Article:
The city’s beleaguered bar trade has cried foul over what it calls the government’s double standard in tackling the Covid pandemic, with the industry left out in the latest relaxation of social distancing measures.
Ben Leung Lap-yan, founding president of Hong Kong’s Licensed Bar and Club Association, called the government’s decision not to allow bars and pubs to reopen in the latest relaxation of social distancing measures “discrimination”.
His comments came as the government announced that from April 21 evening dining until 10 p.m. could resume, up to four people could gather in public – an increase from two currently, and places such as gymnasiums, beauty salons and sports centers would be allowed. reopen but bars and pubs had to remain closed.
Leung accused the government of being unfair to his industry as bars in Hong Kong have always been the first to close and the last to reopen under different phases of social distancing.
He said he didn’t see much difference in business operations between bars and restaurants in the city, with many liquor-licensed restaurants also serving alcohol to customers.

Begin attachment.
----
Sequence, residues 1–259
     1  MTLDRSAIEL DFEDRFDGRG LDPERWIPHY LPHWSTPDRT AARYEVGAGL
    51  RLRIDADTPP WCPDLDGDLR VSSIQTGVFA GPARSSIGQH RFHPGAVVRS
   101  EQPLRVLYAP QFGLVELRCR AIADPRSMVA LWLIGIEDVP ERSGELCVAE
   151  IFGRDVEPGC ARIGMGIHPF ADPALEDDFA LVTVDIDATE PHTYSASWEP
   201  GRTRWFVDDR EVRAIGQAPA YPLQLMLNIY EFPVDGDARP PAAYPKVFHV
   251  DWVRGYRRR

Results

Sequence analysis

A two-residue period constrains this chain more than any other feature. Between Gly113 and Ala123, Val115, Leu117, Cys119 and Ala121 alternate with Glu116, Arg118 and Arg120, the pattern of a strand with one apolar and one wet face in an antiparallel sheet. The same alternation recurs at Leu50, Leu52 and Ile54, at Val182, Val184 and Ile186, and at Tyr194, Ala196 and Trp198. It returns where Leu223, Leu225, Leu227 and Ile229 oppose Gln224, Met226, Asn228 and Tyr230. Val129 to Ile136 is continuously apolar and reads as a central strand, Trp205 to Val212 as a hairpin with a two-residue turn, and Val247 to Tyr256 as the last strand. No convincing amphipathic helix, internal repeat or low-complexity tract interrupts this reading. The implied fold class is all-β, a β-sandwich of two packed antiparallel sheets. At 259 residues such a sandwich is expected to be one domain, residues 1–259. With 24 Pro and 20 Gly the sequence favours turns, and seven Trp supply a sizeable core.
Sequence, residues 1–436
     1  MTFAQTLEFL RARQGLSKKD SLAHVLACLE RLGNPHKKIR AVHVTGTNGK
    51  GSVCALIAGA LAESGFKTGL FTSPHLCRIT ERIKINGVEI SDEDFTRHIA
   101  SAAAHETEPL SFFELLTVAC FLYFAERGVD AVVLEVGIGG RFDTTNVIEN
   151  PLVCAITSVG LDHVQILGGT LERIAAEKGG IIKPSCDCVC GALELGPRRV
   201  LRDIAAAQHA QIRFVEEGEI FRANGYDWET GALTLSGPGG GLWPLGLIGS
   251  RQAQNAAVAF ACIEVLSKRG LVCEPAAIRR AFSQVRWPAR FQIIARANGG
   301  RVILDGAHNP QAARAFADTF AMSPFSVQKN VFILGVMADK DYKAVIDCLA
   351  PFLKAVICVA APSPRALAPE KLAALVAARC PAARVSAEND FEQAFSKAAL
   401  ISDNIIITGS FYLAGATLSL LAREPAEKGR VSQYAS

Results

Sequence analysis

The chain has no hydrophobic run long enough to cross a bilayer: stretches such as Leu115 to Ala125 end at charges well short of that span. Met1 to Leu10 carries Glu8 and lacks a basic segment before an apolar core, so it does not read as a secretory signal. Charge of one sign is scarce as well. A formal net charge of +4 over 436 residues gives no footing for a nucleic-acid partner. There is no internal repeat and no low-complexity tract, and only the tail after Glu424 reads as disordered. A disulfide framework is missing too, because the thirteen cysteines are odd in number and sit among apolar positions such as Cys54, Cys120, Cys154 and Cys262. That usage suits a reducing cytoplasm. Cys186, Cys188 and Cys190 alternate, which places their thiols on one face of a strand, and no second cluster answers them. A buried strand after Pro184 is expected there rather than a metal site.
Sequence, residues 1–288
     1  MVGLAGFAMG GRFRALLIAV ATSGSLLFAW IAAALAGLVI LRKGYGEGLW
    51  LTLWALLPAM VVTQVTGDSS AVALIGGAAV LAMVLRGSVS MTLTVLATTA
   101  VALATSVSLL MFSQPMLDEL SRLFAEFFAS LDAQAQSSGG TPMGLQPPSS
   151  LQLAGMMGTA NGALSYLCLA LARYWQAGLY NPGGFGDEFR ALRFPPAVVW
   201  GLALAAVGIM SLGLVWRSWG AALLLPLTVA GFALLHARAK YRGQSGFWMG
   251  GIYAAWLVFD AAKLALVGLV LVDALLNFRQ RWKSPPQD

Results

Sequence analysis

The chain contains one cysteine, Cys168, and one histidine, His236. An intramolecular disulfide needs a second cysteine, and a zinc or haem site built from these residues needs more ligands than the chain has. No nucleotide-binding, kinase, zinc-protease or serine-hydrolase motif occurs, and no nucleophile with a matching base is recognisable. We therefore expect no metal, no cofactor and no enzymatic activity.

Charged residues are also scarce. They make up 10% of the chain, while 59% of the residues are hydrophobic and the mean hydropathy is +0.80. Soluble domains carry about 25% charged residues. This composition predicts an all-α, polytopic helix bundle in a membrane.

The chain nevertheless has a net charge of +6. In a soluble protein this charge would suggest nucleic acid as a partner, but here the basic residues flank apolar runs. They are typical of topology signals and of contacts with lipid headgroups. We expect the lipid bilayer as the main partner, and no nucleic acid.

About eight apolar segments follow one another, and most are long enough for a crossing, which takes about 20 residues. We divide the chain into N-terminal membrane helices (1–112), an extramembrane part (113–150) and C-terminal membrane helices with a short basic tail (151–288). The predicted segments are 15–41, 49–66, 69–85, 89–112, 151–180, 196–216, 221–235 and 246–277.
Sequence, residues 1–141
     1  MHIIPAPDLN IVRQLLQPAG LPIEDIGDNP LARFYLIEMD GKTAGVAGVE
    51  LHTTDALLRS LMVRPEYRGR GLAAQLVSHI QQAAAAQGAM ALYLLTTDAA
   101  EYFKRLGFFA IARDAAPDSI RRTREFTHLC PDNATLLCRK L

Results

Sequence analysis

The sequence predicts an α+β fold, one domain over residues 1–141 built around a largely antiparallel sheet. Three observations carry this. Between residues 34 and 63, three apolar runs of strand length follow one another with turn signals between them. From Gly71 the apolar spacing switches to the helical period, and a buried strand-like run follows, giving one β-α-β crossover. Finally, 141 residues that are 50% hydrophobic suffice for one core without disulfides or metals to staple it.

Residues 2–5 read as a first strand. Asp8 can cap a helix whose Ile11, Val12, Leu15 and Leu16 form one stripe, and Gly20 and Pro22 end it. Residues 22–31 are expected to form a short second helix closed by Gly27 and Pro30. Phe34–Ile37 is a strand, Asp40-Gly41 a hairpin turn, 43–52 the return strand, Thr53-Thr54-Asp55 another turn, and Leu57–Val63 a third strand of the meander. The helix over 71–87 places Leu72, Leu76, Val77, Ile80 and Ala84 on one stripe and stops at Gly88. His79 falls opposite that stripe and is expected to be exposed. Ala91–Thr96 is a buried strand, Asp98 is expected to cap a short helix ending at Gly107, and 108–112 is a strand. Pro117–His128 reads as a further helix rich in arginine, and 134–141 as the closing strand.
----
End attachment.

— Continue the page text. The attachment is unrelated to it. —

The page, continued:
He also criticized the government for neglecting the opinions of citizens and industries in policy-making.
Meanwhile, tourism sector lawmaker Perry Yiu Pak-leung called on the government to resume local “cruise to nowhere” tours to revive the industry deeply hammered by the outbreak.
Yiu said such tours had been suspended since late last year and it would take cruise lines about two to three months to relocate their cruises to Hong Kong before resuming.
He pointed out that while these local “cruise to nowhere” tours could only resume in the second phase (from May 21) of the city’s roadmap to normalcy, the chances of such tours starting in May or June would be minimal.
The lawmaker also called on authorities to review the city’s flight suspension mechanism and border rules in a timely manner to facilitate travel.